As we all approach the new school year, there is a great deal of stress for parents. We want to make sure that our children are comfortable and confident in their new environments. In my family, it’s also the time that I check all of the expiration dates on our Epi-Pens, make sure the school nurse, new teachers, bus drivers and after school care providers are aware of my son’s allergies and that they all have the doctor’s recommended Allergy Action Plan in hand. We also label all of his necessary medications with Name Bubbles Allergy Labels, so I rest a little easier knowing my son’s medical details and our contact information is quickly accessible.
Although we take these precautions and remember Cooper is still young, I feel that it is important to help him understand that he is also responsible for his own safety. I am his advocate, I will help him manage his risks and learn how to look out for himself but Cooper will need to understand and feel confident in the following areas:
1) Understand the symptoms of a food allergic-reaction – is your throat itchy, do you feel sick; are you having a difficult time breathing?
2) Feel confident in asking what’s in a particular food and if it’s okay for him to eat it – Cooper can read the large packaging but not the small ingredients list.
3) Know to tell his teacher or an adult when he isn’t feeling well and to ask for his allergy medicine.
4) Many, many reminders to keep his hands out of his mouth and not to rub his eyes, nose, or mouth and of course to wash his hands before he eats – the proteins from other children’s food can easily be left behind on the playground or classroom. If they have to rub their eye or itch their nose, encourage your child to rub or itch with a part of their arm.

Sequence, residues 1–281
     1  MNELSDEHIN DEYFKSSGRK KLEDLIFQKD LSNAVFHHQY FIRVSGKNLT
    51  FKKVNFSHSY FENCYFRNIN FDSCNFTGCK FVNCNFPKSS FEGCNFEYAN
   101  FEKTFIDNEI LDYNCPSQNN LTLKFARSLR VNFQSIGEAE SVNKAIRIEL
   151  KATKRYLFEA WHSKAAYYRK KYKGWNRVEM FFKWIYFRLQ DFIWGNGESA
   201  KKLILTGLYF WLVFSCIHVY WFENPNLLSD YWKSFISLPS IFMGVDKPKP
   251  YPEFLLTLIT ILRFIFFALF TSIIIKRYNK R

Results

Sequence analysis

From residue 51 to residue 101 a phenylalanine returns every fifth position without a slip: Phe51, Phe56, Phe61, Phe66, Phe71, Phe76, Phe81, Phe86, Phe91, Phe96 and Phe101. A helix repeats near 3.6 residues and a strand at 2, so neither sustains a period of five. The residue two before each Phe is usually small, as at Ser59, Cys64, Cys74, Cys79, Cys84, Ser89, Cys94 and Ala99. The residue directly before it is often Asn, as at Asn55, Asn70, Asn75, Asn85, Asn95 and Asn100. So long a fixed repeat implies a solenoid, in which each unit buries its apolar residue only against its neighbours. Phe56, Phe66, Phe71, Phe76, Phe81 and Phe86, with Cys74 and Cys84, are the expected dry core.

5) If food is offered from another parent, other than Mom and Dad, Cooper needs to ask the adult if it contains any tree nuts, peanuts or coconut.
6) Recognize good and bad foods – during our trips to the grocery store, I will often point out the items that Cooper cannot have and the reasons why. On the other hand, we still encourage him to try new foods that are safe for him to eat, and he has developed a pretty sophisticated palette for a little guy.
7) Recognize pre-packaged snacks – many foods may contain allergens due to shared equipment during processing. Cooper needs to ask an adult for help reading the labels but I do like that he has some brand and product recognition.
8) Know his cafeteria helpers and know the different choices before school starts everyday – We visit the cafeteria with him before school starts, meet the person in charge of the menu and make sure we have the menu posted at our house.
9) Find a bus buddy that can inform the bus driver if an allergic reaction is happening – where we live, kids are not supposed to eat on the bus, but I do keep medicine in Cooper’s backpack with several allergy labels strategically placed on the outside. This is the part of his day I fear the most, the trip between school and after school care.
10) Know where his medicine is at all times – we keep Cooper’s medicine in the same drawer in the kitchen, in his backpack, in the nurse’s office at school, and at the after school care office.
Please provide any comments or tips that you would like to share or have found helpful in reducing food allergy anxiety for your family. For additional resources visit www.foodallergy.org.